Corn Yields Succumb to Wet Spring, Tar Spot

Posted: April 29, 2019

Last year’s corn yield potential was limited in local fields.

The 2018 growing season began with frequent May and June rains. While rainfall totals for May and June were 6.5” and 7” respectively, most of DeKalb County received rainfall on 11 days in May and 12 days in June.

Many acres in DeKalb County were replanted only to be drowned out again. The excess precipitation limited the potential for corn yields.

In spite of the wet spring, most of the corn looked exceptional in July and high yield expectations remained. In August, much of the corn in the county was hit with tar spot, a plant disease that we have not experienced before. Tar spot accelerated maturity and had a significant impact on corn yields.

The average corn yield for DeKalb County Farm Business Farm Management (FBFM) was 204 bushels per acre while the NASS-USDA average for DeKalb County was 190 bushels. In spite of a wet spring and tar spot, the DeKalb County FBFM corn yield was the fourth highest on record.

DeKalb County soybean yields were 68 and 62 bushels for FBFM and NASS-USDA averages, respectively.

DeKalb County wheat yields were 78 and 81 bushels for FBFM and NASS-USDA averages, respectively.

Due to the acceleration of corn maturity, a large percentage of corn was harvested in September.  However, wet weather in late September and early October delayed harvest for soybeans and the remaining corn.

Weaker stalk quality and high winds in the western and northwestern parts of DeKalb County resulted in down corn. Harvest losses and further delays were common in those areas.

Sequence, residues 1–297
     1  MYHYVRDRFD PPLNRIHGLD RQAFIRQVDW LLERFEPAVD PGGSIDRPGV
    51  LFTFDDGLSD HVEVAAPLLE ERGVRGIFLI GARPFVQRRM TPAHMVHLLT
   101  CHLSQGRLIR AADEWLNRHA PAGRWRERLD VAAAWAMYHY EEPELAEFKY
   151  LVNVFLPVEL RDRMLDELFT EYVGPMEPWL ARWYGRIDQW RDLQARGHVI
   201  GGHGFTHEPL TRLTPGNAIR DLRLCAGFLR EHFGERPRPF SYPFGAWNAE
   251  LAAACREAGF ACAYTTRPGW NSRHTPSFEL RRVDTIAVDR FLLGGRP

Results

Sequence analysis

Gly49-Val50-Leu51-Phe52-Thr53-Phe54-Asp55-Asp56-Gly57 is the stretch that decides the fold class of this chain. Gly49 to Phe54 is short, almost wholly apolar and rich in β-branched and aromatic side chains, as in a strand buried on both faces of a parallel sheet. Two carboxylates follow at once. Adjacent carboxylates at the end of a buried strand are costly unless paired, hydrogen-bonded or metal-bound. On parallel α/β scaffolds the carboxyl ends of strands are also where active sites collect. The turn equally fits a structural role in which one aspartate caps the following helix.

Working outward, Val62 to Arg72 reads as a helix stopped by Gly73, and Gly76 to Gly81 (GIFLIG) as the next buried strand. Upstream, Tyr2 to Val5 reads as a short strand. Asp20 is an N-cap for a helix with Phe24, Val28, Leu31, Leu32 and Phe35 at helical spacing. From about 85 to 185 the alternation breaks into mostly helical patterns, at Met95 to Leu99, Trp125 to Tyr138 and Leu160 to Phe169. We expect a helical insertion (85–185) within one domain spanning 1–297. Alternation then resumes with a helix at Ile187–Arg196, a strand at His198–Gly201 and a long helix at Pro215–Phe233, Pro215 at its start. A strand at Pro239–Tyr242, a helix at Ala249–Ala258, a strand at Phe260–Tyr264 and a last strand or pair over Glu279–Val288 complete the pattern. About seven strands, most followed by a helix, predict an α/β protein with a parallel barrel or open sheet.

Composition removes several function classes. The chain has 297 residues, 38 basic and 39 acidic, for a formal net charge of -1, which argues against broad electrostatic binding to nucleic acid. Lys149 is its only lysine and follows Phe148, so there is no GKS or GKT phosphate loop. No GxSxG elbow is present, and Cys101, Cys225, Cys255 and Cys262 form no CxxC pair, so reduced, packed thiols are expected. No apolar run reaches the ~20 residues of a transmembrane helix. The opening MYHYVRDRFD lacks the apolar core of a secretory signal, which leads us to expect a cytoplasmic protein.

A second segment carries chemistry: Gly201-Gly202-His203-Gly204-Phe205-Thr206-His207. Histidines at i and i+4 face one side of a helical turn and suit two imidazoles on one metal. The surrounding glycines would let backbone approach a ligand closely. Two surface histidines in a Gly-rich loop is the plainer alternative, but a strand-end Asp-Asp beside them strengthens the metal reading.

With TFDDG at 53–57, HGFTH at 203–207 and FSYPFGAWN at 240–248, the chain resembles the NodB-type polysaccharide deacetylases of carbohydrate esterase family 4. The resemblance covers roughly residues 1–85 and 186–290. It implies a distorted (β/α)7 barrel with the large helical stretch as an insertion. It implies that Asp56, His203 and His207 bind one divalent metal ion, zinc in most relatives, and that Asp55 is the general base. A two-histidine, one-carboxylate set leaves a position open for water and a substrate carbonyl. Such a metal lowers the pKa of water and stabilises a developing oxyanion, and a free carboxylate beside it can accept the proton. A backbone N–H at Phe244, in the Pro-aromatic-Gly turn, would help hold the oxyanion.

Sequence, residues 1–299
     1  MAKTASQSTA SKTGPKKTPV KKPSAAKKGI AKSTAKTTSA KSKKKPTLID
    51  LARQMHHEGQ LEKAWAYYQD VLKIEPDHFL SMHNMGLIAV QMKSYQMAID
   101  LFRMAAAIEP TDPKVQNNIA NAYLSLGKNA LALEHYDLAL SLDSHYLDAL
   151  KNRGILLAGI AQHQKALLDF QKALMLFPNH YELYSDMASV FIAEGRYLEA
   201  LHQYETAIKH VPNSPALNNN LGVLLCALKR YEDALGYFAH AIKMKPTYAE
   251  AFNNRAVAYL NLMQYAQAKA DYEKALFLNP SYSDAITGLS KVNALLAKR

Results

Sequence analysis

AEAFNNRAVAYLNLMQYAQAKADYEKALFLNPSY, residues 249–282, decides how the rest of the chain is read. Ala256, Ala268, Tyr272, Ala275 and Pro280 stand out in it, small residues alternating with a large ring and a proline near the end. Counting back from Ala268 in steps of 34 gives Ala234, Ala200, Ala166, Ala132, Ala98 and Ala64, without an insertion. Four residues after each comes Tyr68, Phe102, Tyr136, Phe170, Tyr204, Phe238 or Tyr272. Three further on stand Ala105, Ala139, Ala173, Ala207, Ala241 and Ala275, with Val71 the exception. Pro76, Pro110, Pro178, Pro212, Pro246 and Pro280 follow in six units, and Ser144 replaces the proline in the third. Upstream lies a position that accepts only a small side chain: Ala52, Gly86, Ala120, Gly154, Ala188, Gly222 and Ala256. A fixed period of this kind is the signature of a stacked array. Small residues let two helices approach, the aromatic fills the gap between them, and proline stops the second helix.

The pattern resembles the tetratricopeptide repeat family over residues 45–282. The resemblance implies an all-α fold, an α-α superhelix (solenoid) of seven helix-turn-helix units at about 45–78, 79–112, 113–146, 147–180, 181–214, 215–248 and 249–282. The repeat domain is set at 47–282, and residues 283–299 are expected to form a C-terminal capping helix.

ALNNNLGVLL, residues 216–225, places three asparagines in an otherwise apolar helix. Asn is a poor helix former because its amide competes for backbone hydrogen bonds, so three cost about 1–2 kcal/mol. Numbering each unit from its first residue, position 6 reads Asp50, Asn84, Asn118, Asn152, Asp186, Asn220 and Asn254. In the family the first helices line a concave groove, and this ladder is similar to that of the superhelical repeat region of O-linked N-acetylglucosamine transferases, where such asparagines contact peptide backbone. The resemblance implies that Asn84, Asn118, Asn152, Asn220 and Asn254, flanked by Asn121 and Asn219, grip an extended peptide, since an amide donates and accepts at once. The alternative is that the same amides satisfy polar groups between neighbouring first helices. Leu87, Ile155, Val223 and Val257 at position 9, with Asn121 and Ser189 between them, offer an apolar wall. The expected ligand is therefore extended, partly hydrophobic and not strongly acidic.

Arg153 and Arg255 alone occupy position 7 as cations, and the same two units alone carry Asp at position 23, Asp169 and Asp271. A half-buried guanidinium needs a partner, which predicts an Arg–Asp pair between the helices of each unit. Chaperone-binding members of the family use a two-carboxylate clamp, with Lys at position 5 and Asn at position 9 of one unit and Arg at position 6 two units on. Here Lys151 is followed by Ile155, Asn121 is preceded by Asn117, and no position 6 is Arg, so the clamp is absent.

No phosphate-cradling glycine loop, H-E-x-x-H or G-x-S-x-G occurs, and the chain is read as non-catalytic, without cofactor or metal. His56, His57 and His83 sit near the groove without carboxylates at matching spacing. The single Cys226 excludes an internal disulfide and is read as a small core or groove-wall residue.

The drop in corn yields did not prevent farm earnings from rebounding in 2018. Higher soybean yields and better opportunities for forward pricing in the spring pushed crop returns higher. Labor and Management Income increased to $47,317 for DeKalb County FBFM farms in 2018. These earnings were negatively impacted by weaker livestock returns.

Crop input costs among Northern Illinois FBFM farms were largely unchanged in 2018 at $235 per acre.

Following losses for livestock farms in 2015 and 2016, and a slight rebound in 2017 for beef and hog farms, livestock returns were lower again in 2018.

Dairy farm incomes remained quite low in 2018 as milk prices remained below break-even levels. The number of dairy farms continued to decline in the Midwest.

In spite of record crop yields in many areas, grain prices remained remarkably stable in 2018. This reflects strength in the global demand for feed grains and oilseeds and particularly protein.

Unless grain prices move sharply higher, crop yields in 2019 will have to be near record levels again in order to avoid a drop in earnings. Fertility costs have increased sharply for 2019 and other input costs are higher as well.

Scott Newport, Farm Business Farm Management Specialist